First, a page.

- If an inappropriate pre-set recording level is chosen, your transcriber may be bombarded with cutlery and glassware sounds and other people’s conversations, or just hear voices booming around like they’re in the bottom of a bucket.
Check each time that the recording level is correct – it is not unknown for the buttons on the recording device to get pressed in the journalist’s bag on the way to an interview, leading to a transcriber with ear-strain and a transcription full of gaps!
Transferring your audio files to your computer
Once you’ve saved your interview files, you’re going to need to get them off your recording device and onto your computer.
There are usually two ways to do this:
Option 1 – connect your recording device to your computer using a USB cable
Option 2 – send the file from your recording device to your computer via email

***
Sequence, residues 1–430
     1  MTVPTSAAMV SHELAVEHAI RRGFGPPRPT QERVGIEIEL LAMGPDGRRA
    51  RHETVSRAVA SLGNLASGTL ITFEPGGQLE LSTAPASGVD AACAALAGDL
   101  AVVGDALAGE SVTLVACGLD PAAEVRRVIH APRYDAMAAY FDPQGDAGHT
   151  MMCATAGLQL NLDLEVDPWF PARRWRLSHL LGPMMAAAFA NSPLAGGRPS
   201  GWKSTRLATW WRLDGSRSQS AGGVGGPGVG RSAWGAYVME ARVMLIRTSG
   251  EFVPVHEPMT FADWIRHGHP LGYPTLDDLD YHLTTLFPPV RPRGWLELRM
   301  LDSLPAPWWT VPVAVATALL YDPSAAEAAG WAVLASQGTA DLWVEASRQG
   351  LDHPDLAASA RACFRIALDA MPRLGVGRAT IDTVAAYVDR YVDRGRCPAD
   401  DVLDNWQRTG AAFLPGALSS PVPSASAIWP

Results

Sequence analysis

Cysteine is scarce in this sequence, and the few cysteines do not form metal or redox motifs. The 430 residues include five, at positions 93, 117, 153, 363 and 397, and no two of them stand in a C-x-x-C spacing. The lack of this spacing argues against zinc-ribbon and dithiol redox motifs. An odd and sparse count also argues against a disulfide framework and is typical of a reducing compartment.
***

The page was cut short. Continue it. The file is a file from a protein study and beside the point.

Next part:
Option 1 is the easiest. If your recording device comes with a USB connection, plug it in to your computer. You will find that the computer treats it as an extra drive, like the C or D drive. Use the file navigator to find the file and copy it across to your computer, ready to send to your transcriber.
Option 2 is more tricky, as most phones will have a limit as to how long a file you can send. You may need to break it up into chunks, or zip the file on your phone / dictation machine first.
There is an Option 3 which you can use if your dictation machine is an analogue one, i.e. uses those little tiny tapes (or big ones!). Go into a silent room. Set a microphone up connected to your computer. SET THE RECORDING LEVELS very carefully and test them. Play the tape and record it digitally. Note: please don’t do this if you can help it. The tape quality will always be affected (think what the tapes were like that you recorded off the radio as a teenager. Exactly). Your Smartphone will have a voice memo app pre-loaded onto it, or you can download one. Do that: go digital. Your transcriber will thank you!